How people react to a Volkswagen Golf GTI says a lot about whether or not they actually like cars. What’s not to like? It’s more sprightly, agile and quicker than the standard Golf, yet just as practical, reliable and nearly as efficient.
It has defined the hot hatch for 40 years. Company executives will even describe it as “the soul of VW.” But like it or not, mainstream America just doesn’t do hatchbacks. So it’s a good thing the GTI donates much of its formula to the Jetta equivalent, the GLI.
Being a four-door sedan, the Jetta GLI forgoes the Golf’s hatch for a bit of elongation and a conventional trunk. The balance of goodness should be pretty equal among the sportier Jetta and Golf, especially since it’s based on the same MQB car platform as the Golf.
And here’s where the qualifiers begin. The car we tested here is the GLI S, as bargain basement as GLIs and certainly GTIs come, complete with disappointing material quality at the door panels, the dash and the gauges, the latter looking like the worst of the early 2000s VW gauges, which had more of a than feel. (The photos are of a better-equipped GLI Autobahn they sent me in DC.)
The seats are another slight disappointment. VW has always fitted extremely well-bolstered and comfortable seats in its sporty models like GTIs and GLIs. And the competition, especially Honda, have caught up. Not so here. Instead of the great, firm sport seats from the GTI, the GLI gets softer, plusher seats from the Jetta SEL model, which are certainly comfortable, but not in the same sports league.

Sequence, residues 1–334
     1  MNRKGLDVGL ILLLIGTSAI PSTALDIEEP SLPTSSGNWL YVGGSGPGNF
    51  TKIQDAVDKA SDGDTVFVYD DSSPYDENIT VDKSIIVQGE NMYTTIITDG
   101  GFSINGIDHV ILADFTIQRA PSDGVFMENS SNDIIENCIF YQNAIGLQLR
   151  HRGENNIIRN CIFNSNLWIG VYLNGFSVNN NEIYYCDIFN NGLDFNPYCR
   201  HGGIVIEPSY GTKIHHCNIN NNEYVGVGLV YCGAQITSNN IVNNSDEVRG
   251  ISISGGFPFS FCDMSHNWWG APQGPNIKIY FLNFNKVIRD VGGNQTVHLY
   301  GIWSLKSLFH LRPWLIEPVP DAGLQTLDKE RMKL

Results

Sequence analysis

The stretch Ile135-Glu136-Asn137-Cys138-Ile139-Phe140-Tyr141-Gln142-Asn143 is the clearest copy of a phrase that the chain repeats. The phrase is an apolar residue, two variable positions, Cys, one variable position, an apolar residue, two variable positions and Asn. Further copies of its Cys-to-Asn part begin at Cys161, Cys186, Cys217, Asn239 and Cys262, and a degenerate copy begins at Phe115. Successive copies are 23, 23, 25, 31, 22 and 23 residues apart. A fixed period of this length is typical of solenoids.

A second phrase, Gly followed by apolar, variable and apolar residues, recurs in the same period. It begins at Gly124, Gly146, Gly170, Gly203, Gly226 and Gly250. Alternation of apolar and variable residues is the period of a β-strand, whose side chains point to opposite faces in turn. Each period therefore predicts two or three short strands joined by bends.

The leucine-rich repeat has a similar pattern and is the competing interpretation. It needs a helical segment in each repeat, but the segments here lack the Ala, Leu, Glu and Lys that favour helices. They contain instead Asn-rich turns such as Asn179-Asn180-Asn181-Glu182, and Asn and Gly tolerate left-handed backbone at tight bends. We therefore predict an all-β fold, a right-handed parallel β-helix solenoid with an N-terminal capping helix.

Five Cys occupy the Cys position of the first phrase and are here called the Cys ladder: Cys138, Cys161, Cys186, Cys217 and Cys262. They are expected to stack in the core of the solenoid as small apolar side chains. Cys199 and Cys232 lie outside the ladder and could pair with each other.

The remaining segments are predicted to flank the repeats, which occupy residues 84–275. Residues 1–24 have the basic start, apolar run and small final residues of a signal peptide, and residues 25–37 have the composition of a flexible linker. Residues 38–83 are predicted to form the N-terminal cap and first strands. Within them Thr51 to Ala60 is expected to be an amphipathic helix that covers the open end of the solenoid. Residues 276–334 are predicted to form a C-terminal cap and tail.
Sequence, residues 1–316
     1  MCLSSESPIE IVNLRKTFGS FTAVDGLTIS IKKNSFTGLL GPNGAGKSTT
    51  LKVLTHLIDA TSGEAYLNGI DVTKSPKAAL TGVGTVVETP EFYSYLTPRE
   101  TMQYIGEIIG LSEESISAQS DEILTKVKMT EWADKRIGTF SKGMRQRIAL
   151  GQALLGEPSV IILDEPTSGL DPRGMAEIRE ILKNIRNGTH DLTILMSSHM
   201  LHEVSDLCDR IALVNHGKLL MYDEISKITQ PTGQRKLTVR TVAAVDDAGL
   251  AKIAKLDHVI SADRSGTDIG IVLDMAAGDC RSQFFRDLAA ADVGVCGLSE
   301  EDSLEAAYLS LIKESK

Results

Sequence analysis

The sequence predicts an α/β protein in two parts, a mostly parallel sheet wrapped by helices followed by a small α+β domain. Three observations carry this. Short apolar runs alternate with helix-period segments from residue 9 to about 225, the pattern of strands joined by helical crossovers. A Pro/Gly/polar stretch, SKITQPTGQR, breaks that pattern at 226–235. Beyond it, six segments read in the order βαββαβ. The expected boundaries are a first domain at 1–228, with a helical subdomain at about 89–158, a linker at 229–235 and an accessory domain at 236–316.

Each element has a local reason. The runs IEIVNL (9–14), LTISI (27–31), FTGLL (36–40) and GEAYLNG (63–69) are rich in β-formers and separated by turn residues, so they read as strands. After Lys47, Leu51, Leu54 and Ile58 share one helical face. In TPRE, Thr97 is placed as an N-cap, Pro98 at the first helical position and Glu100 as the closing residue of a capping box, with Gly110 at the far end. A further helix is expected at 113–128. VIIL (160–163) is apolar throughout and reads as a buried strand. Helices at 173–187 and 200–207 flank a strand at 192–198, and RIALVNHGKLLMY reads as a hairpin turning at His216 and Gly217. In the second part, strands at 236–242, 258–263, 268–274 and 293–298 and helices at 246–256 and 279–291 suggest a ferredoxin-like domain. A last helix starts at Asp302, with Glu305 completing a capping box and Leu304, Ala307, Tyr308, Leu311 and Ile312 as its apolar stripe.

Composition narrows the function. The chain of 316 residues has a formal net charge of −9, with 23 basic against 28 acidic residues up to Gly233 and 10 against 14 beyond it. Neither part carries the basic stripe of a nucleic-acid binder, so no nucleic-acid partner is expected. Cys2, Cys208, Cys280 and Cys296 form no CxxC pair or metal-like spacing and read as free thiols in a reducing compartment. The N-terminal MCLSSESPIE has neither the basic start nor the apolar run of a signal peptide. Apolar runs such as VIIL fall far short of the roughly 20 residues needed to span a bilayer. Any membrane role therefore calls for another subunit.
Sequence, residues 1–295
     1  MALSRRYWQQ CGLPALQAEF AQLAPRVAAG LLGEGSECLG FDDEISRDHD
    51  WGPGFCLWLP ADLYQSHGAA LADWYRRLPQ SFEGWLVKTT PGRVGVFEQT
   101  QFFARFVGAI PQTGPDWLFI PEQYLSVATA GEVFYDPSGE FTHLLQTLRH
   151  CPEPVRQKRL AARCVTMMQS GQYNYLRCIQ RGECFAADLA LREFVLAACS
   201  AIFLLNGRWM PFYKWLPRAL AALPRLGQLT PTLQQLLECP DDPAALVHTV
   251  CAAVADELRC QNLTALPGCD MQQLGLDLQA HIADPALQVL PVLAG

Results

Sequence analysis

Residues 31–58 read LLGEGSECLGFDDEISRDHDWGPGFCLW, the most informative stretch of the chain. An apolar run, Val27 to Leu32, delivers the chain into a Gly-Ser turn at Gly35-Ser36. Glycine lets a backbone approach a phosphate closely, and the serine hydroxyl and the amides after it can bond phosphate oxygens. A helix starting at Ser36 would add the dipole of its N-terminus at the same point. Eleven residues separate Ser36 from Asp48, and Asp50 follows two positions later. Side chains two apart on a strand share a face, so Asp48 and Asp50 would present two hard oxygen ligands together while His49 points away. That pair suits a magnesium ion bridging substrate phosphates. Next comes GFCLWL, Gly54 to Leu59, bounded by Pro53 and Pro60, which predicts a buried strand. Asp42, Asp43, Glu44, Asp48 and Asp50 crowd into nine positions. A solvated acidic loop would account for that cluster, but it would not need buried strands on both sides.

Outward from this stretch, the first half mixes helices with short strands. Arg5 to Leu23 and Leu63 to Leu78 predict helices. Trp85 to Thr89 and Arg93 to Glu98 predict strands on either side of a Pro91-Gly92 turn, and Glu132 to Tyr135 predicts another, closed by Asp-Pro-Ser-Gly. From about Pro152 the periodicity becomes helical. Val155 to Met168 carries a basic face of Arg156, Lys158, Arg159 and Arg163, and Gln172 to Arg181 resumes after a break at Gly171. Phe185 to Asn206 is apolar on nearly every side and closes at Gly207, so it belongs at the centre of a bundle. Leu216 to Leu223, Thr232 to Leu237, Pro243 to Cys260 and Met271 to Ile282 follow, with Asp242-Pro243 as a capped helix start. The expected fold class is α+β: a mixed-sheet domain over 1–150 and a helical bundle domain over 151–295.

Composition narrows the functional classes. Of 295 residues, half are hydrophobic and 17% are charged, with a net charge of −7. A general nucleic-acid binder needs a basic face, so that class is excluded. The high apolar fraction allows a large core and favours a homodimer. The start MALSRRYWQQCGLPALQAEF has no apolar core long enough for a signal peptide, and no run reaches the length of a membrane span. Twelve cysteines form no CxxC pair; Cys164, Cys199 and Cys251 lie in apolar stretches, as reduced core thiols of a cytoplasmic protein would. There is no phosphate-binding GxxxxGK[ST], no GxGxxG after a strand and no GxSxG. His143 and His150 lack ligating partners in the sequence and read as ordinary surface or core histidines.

Perhaps buyers looking for bargains are less likely to value supportive, sporty seats, but I view this as a real miscalculation. You cannot drive the GLI without sitting in the driver’s seat, so the GLI should have the best sporty VW seats in the warehouse. Apple CarPlay (and Android Auto) defuse the demerits of the poorer interior qualities. Other standard features include push-button start, keyless entry, rain-sensing wipers, LED high and low-beam headlights and a 6.5-inch touchscreen infotainment screen.
Long on value
But you don’t buy a Jetta because you’re a splurge monster. You buy a Jetta because you get a lot of car for a little money. This GLI S we tested with the 7-speed DSG automatic transmission stickers at $27,985, including destination and $295 for the Pure Gray paint. (Again, the one in the photos is different.) The equivalent Golf GTI with the same drivetrain runs $29,590 (though Pure Gray paint is not available). This is an odd twist for the North American region that has traditionally viewed sedans as decidedly upmarket from hatchbacks. Advantage: GLI.
Compared to the standard Jetta, the GLI sits 0.6 inch (15mm) lower to the ground with its sports suspension, which is firmer as well. There’s also an interesting distinction here between GLI and non-GLI. Aside from the firmer suspension tuning, the GLI is the sole Jetta model to use a multi-link rear suspension like the Golf. Other Jettas use a solid twist-beam axle with independent springs and dampers.
Other chassis features include a limited-slip differential, large 13.4-inch (340mm) front brakes lifted from the limited production Golf R, and variable-ratio power steering, which is also electrically assisted.